Non-accelerated filer   ¨    (Do not check if a smaller reporting company)   Smaller reporting company   ¨

Indicate by check mark whether the registrant is a shell company (as defined in Rule 12b-2 of the Exchange Act).    YES  ¨    NO  x

As of April 27, 2012, there were 92,278,431 shares of common stock, no par value, issued and 92,278,431 outstanding, with 16,195 shares of treasury stock.

 

 

 


Table of Contents

THE ST. JOE COMPANY

INDEX

 

     Page No.  

PARTI Financial Information

     3   

Item 1. Financial Statements

     3   

Consolidated Balance Sheets — March 31, 2012 and December 31, 2011

     3   

Consolidated Statements of Operations — Three months ended March 31, 2012 and 2011

     4   

Consolidated Statements of Comprehensive (Loss) Income — Three months ended March 31, 2012 and 2011

  

Consolidated Statement of Changes in Stockholders’ Equity — Three months ended March  31, 2012

     6   

Consolidated Statements of Cash Flows — Three months ended March 31, 2012 and 2011

     7   

Notes to Consolidated Financial Statements

     8   

Item 2. Management’s Discussion and Analysis of Financial Condition and Results of Operations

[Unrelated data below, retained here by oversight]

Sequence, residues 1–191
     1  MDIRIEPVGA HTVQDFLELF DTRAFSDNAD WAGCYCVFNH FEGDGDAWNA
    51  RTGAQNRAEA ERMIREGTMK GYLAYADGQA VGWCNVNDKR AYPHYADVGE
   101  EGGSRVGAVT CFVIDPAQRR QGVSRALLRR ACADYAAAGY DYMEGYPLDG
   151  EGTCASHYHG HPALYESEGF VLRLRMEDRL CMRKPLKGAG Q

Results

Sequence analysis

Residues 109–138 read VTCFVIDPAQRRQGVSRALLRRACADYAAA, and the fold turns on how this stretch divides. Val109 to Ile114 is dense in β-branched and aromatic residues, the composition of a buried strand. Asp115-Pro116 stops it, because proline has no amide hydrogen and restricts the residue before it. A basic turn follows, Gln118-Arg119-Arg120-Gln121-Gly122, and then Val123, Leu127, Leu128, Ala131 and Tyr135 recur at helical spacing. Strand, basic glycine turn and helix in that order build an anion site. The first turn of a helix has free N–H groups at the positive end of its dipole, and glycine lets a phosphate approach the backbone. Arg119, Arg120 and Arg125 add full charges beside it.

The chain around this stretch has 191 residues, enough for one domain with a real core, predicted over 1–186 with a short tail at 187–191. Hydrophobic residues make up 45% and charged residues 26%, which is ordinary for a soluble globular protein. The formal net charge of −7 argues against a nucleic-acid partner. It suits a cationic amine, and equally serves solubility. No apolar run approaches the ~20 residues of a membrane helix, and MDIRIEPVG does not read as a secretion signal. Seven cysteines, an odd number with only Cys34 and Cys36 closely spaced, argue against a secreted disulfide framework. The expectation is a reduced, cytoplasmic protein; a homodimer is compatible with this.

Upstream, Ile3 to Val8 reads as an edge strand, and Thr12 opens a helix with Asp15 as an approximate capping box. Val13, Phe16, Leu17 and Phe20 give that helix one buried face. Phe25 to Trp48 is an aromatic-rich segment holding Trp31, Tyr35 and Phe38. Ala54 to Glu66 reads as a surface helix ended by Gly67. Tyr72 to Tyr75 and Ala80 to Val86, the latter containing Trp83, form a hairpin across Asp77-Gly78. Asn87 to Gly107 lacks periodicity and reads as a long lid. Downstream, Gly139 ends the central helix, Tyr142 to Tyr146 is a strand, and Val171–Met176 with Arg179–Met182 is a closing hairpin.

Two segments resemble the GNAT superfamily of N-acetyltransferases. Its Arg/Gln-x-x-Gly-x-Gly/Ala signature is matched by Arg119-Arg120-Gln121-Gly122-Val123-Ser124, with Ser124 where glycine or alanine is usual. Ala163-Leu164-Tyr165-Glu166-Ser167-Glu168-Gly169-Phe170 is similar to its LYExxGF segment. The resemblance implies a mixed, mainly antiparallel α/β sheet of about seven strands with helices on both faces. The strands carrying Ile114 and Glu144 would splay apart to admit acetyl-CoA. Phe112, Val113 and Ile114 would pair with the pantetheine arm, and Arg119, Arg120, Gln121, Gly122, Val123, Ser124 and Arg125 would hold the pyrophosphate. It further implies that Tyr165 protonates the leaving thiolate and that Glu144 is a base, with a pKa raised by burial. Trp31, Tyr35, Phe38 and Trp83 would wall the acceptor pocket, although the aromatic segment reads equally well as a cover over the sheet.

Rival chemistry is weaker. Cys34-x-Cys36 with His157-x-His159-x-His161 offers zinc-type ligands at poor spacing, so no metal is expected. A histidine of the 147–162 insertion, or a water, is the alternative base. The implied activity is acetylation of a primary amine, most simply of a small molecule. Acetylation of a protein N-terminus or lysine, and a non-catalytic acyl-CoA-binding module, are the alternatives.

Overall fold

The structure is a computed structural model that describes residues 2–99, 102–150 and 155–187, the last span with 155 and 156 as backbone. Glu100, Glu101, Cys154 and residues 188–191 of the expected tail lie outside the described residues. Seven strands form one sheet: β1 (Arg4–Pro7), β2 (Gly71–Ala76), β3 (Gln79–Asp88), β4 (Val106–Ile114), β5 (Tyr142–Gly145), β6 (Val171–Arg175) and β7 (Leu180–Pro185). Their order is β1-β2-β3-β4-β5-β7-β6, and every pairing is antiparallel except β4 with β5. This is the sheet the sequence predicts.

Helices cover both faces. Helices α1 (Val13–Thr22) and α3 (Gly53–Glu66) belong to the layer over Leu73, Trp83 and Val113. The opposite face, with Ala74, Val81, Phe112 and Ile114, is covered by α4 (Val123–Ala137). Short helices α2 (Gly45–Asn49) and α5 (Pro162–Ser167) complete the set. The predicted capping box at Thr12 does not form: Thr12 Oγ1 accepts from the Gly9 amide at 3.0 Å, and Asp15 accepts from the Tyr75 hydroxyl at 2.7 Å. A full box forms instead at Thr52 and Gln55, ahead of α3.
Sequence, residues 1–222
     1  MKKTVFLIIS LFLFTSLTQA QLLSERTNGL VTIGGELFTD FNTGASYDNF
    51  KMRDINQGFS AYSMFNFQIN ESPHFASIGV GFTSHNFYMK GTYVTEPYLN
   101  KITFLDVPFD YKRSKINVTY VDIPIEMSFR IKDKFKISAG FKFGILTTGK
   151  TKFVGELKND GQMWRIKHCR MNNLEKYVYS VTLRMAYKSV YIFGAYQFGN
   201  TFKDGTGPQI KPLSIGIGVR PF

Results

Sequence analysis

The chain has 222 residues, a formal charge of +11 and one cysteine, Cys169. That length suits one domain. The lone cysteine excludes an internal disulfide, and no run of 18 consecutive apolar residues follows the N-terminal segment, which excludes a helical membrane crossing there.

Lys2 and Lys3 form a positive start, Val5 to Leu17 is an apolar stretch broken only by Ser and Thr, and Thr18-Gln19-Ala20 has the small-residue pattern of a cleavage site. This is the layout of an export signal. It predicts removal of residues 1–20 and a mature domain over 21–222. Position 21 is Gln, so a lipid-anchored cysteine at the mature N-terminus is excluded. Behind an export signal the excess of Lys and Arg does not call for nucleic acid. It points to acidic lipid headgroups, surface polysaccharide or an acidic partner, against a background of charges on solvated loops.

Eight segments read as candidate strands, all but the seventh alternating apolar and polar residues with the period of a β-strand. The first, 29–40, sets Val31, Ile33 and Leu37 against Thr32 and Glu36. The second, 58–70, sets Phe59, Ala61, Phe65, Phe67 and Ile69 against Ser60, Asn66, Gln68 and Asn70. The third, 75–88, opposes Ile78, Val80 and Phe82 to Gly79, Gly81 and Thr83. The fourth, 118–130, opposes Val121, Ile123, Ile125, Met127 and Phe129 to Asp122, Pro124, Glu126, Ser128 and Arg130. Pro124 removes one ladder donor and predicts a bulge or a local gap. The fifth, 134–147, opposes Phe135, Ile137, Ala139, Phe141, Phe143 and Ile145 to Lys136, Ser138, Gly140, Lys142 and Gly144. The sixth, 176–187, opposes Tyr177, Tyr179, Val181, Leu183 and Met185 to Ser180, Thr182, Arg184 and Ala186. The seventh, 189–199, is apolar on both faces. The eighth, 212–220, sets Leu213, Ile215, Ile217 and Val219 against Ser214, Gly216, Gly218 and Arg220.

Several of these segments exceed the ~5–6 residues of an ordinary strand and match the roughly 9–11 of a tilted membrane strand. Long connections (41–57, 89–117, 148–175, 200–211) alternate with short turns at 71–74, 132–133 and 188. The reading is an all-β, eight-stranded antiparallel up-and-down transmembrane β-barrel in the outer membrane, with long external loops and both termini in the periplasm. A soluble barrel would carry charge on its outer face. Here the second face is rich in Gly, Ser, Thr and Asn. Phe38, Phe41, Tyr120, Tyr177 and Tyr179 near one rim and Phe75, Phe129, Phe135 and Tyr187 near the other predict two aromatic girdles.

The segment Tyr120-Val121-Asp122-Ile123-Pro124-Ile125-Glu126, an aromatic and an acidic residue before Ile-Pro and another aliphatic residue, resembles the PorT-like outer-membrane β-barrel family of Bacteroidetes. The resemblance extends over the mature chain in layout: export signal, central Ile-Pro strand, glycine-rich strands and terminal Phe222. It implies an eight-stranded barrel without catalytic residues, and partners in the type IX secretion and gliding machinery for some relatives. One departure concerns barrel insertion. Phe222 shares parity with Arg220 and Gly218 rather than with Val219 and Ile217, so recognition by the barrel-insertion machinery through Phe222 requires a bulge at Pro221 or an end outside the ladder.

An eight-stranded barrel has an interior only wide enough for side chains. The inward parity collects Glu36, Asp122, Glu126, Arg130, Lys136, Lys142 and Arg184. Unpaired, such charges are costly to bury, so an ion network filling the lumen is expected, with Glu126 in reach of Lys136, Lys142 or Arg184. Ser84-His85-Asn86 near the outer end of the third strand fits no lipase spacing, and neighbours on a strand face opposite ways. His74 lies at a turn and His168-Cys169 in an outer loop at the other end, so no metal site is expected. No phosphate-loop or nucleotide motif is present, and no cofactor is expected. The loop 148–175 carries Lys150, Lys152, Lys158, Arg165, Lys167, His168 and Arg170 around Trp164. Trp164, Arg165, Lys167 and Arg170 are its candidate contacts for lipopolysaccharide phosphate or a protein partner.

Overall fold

23   

Item 3. Quantitative and Qualitative Disclosures About Market Risk

     34   

Item 4. Controls and Procedures

     34   

PARTII Other Information

     35   

Item 1. Legal Proceedings

     35   

Item 5. Other Information

     36   

Item 6. Exhibits

     37   

Signatures

     38   

 

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Table of Contents

PART I — FINANCIAL INFORMATION

Item 1. Financial Statements

THE ST. JOE COMPANY

CONSOLIDATED BALANCE SHEETS

(Dollars in thousands)

 

     (Unaudited)
March 31, 2012
    December 31, 2011  
Assets     

Investments in real estate

   $ 386,495      $ 387,202   

Cash and cash equivalents

     165,689        162,391   

Notes receivable

     4,123        4,563   

Pledged treasury securities

     22,789        23,299   

Prepaid pension asset

     35,811        35,125   

Property, plant and equipment, net

     14,506        14,946   

Income taxes receivable

     187        69